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Dumb Crooks, Mahjong and Ecstasy

Idiots at the gate

Dumb Crooks, Mahjong and Ecstasy

This issue of Global Gaming Business (“Making Gaming Great Again”) includes our annual section focusing on casino security and surveillance. As is tradition, we will thus offer our annual episode of Casino Police Blotter. This year’s episode is titled “Idiots at the Gate.”

In Ferndale, Washington, the garden spot of Whatcom County, a nefarious individual assaulted a woman in an attempted carjacking, threatening to shoot her in the parking lot of the Silver Reef Casino.

Ferndale, I happen to know without even looking it up in Wikipedia, was settled in 1872, and subsequently named for the ferns that grew around the original school house. (Presumably, planted by a guy named Dale.) Whatcom County was named after the Lummi Indian word Xwotʼqom, meaning “noisy water.” (As in, “Hand me that watchcom there so I can fix this noisy pipe.”)

But anyway, on the night in question, the woman had just opened her car door using a fob when this guy grabbed her and demanded the keys, threatening to shoot her with a gun he said was in his pocket. She screamed and managed to pull away, running into the casino for help.

The entire sequence was caught on video by parking lot surveillance cameras. Soon after that, Jesse Arthur Grooms was in custody on a Whatcom County warrant for robbery. Police had no trouble finding him, because get this: Before going out to the parking lot to jack a car, Grooms signed up for a player’s club card.

There was, of course, surveillance video of that, too. The victim easily identified the man. A cocker spaniel could have identified him. He was wearing the same clothing as during the attack, signing up for the club with his ID. Police now had his name and address, not to mention his birthday, favorite drink, player’s club point balance, and whether he preferred a smoking or non-smoking room.

You know, if there is a “Carjacker’s Handbook” somewhere on the internet (Jacking for Dummies, maybe?), I’ll bet the first rule in there reads, “Do not leave your name, address and mobile phone number at the location where you intend to facilitate a carjacking.”

I guess the guy never read the handbook. But at least he didn’t bite the police officers who came to arrest him. A casino security official in Niagara Falls wasn’t so lucky.

One day last month, a man was banned from New York’s Seneca Niagara Casino for some sort of slovenly prior behavior (news reports didn’t say what). A security manager spotted him in the casino after he had been kicked out, and moved to escort the gentleman toward the door. Allegedly, the man reached inside a bag to grab something, and when the security manager grabbed his arm to stop him, he bit the guard like a Rottweiler.

(It’s Canine Simile and Metaphor Day, by the way.)

Yep, took a nice chomp out of the officer’s wrist. Left a mark. Drew blood. No gun was found in the bag.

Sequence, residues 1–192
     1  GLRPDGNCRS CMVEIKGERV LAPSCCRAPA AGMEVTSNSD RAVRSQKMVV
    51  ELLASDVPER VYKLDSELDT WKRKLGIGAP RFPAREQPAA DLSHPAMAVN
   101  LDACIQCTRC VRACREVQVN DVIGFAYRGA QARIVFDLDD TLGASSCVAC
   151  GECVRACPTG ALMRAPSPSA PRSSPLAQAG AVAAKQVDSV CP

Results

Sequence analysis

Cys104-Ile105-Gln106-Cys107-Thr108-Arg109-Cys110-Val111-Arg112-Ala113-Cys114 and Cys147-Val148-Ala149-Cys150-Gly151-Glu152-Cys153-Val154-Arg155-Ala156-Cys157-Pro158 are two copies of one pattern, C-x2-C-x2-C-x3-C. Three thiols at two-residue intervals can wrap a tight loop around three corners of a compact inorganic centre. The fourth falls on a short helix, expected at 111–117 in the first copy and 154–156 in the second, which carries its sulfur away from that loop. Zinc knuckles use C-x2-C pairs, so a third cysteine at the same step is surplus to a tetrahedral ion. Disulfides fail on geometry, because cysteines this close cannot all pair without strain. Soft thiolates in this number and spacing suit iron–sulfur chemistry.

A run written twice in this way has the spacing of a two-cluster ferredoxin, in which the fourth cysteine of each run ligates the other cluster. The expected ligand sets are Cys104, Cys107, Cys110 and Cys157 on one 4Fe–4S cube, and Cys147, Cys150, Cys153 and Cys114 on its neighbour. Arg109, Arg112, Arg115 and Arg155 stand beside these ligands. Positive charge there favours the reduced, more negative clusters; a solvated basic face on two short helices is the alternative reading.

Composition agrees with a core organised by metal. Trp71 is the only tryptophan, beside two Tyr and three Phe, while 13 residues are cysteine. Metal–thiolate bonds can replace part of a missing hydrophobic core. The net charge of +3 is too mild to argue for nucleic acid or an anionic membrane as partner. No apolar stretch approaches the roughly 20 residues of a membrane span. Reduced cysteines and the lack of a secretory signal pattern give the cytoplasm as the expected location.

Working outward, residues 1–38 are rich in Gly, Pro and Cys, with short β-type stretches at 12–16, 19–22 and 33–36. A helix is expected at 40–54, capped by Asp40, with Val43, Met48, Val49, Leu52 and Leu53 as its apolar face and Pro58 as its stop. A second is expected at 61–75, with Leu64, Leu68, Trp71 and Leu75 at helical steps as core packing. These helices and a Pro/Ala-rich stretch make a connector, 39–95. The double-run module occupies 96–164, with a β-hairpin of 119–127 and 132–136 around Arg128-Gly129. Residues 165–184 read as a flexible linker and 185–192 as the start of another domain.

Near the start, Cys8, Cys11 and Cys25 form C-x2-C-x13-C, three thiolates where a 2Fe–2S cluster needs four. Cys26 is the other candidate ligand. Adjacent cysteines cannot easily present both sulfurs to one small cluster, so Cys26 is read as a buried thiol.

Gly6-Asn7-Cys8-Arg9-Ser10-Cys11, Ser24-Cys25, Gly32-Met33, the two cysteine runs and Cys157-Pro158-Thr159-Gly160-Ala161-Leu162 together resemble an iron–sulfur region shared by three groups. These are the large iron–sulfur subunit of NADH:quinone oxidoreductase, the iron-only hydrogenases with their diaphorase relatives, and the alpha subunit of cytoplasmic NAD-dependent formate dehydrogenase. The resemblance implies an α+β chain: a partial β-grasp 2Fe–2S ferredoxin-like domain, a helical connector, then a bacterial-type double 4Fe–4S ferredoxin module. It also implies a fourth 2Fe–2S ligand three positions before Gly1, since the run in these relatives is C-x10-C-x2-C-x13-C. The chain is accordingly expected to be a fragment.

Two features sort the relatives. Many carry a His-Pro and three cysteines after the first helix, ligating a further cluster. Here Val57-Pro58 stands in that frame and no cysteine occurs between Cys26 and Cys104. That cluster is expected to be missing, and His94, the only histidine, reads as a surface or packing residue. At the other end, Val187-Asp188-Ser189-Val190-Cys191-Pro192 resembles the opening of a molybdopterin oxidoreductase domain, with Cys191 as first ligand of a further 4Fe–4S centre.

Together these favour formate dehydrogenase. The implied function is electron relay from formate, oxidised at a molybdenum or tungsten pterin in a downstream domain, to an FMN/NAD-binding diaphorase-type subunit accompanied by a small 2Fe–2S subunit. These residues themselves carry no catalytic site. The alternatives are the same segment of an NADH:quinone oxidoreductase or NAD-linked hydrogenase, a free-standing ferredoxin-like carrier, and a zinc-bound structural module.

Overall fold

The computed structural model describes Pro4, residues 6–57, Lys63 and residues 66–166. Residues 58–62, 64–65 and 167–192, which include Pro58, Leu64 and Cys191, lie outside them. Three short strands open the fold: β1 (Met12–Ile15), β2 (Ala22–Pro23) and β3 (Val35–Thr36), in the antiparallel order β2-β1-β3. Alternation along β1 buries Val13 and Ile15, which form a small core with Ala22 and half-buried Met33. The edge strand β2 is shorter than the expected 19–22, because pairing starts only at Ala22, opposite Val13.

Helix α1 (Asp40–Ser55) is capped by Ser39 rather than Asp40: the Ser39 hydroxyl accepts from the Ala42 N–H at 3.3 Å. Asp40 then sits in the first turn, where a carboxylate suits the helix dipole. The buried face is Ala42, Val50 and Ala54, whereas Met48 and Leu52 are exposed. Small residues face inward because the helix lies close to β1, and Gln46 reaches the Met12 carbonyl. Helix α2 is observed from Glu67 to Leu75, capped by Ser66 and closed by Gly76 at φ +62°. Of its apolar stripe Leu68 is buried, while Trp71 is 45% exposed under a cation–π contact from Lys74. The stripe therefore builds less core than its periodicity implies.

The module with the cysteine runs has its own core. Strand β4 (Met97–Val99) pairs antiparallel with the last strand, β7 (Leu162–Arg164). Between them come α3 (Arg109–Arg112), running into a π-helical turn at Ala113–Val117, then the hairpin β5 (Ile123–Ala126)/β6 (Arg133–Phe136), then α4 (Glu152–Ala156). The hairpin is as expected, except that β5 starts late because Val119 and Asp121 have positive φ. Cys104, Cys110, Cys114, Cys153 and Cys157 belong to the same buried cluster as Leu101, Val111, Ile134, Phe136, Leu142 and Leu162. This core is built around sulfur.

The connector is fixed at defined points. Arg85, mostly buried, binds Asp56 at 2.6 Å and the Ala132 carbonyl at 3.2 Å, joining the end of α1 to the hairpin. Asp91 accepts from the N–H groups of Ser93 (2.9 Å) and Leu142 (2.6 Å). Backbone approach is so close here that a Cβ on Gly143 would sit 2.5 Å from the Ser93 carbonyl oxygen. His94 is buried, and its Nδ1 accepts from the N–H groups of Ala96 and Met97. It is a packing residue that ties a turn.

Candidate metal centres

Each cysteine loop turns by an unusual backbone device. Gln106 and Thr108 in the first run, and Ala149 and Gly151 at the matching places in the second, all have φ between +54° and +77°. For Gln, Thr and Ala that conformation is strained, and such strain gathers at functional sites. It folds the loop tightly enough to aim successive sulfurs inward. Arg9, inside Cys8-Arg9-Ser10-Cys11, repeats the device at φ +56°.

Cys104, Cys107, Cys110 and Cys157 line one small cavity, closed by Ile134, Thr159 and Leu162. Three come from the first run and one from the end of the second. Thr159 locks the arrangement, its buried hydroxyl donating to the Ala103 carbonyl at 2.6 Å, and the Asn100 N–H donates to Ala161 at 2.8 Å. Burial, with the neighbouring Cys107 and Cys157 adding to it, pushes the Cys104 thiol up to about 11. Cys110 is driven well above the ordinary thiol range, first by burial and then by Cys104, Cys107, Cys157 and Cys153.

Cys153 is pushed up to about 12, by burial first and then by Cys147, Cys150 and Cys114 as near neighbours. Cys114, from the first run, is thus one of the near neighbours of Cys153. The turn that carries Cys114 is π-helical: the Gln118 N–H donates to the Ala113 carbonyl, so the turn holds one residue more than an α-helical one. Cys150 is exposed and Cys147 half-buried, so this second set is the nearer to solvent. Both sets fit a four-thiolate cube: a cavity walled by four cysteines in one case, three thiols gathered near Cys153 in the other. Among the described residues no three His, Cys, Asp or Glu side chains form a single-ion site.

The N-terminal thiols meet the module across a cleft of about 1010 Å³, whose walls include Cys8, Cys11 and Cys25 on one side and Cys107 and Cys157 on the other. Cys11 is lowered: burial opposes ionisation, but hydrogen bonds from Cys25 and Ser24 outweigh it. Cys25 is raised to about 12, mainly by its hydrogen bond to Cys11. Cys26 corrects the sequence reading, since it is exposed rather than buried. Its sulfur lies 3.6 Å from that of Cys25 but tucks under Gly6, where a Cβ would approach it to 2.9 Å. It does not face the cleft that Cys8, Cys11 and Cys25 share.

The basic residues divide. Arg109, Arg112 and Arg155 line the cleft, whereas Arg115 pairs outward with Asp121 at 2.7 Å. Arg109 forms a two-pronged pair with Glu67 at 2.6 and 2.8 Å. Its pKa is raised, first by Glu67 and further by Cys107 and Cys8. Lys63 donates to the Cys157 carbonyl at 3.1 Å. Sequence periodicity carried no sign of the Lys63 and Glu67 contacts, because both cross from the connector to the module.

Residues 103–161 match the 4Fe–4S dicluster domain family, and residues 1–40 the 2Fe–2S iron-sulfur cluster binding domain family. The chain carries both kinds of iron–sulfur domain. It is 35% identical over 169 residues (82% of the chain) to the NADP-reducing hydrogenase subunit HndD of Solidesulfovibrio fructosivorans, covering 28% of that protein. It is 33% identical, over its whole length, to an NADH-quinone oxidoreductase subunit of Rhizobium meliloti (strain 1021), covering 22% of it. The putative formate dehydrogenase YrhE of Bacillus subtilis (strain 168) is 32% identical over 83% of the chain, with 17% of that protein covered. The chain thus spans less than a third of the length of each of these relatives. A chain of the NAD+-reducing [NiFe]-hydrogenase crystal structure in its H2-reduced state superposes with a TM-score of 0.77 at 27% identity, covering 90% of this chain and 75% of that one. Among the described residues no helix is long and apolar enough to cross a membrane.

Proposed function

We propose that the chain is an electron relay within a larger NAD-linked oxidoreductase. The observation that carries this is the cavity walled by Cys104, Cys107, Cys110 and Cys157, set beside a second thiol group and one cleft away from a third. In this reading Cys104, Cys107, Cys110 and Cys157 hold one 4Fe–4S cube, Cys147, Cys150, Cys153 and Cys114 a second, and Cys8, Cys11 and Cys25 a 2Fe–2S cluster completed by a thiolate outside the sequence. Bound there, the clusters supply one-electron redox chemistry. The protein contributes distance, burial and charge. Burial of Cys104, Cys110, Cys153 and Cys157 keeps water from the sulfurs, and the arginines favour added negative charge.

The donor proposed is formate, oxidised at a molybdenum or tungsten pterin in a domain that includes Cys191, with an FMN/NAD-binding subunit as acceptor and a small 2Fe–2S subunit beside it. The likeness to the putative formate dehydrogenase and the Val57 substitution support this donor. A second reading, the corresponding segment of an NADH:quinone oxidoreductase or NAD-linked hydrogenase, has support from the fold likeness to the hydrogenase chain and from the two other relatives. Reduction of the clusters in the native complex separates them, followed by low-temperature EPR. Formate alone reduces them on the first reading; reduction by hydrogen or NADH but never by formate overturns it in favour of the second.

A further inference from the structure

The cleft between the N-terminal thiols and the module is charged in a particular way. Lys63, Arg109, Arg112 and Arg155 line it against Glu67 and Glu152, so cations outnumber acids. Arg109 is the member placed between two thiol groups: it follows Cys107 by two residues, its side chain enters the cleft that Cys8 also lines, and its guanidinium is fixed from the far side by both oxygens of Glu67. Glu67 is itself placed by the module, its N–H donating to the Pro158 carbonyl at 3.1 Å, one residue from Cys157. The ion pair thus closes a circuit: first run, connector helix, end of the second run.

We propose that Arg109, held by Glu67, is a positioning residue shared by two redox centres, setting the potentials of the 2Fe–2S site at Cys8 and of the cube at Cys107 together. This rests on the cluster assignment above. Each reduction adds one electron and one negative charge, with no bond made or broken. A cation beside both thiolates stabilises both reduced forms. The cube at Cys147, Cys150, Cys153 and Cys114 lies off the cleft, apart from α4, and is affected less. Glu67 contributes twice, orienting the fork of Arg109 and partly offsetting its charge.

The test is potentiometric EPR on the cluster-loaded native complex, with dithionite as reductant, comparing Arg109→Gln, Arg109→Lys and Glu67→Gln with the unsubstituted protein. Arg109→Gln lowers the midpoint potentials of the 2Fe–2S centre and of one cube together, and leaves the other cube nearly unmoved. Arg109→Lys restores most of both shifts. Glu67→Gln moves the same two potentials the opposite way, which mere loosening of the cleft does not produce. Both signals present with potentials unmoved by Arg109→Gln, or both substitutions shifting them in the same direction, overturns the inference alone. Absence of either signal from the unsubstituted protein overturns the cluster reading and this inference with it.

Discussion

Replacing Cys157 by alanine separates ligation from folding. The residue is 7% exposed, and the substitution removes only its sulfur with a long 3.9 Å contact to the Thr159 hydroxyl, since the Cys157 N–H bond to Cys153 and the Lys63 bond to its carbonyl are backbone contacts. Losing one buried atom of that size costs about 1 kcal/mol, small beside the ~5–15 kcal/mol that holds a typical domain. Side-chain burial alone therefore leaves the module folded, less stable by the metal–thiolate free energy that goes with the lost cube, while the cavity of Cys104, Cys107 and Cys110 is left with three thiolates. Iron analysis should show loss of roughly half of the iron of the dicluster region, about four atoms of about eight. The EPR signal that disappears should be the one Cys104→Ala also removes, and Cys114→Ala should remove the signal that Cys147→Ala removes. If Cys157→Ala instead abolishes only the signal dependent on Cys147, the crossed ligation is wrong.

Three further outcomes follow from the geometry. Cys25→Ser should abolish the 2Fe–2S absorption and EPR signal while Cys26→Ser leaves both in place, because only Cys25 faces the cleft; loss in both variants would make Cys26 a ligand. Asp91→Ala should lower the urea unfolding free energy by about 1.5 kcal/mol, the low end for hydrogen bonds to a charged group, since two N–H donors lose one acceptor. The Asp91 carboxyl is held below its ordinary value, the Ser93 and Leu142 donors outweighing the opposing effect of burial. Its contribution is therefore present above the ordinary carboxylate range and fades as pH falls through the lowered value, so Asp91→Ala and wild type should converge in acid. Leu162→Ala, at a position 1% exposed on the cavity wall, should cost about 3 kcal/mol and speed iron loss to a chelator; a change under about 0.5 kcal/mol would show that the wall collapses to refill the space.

News items on the incident did not reveal what was, in fact, in the bag.

Maybe the guy was hungry, and was reaching in the bag for a sandwich. Maybe he was so hungry, when the guard took away his sandwich, he bit the closest meat, which was the security official’s arm.

We’ll look into that for you. Meanwhile, the security manager was treated at the scene. The biter was transported to Niagara Falls Police Headquarters, where he was checked for rabies and put to sleep.

Finally, police in Malaysia arrested a group of senior citizens who had started a makeshift casino in back of a shop-lot hotel, consisting of mahjong games and lots of drugs. The perpetrators—mostly elderly, with the oldest at 79—were reportedly playing mahjong and getting high from a drug buffet including heroin, ecstasy and Erimin 5. At press time, they were being held under a police remand order pending gambling and drug charges.

Gee, I hope they go easy on those old folks. Come on, who is getting hurt by 20 senior citizens kicking back for some gambling and partying? Why not let them have a good time, and eventually cruise off in style to the big mahjong parlor in the sky?

They may, in fact, be acquitted. After all, there were no surveillance cameras around.

And not one of those arrested had signed up for the player’s club.

Frank Legato is editor of Global Gaming Business magazine. He has been writing on gaming topics since 1984, when he launched and served as editor of Casino Gaming magazine. Legato, a nationally recognized expert on slot machines, has served as editor and reporter for a variety of gaming publications, including Public Gaming, IGWB, Casino Journal, Casino Player, Strictly Slots and Atlantic City Insider. He has an B.A. in journalism and an M.A. in communications from Duquesne University in Pittsburgh, PA. He is the author of the books, How To Win Millions Playing Slot Machines... Or Lose Trying, and Atlantic City: In Living Color.  

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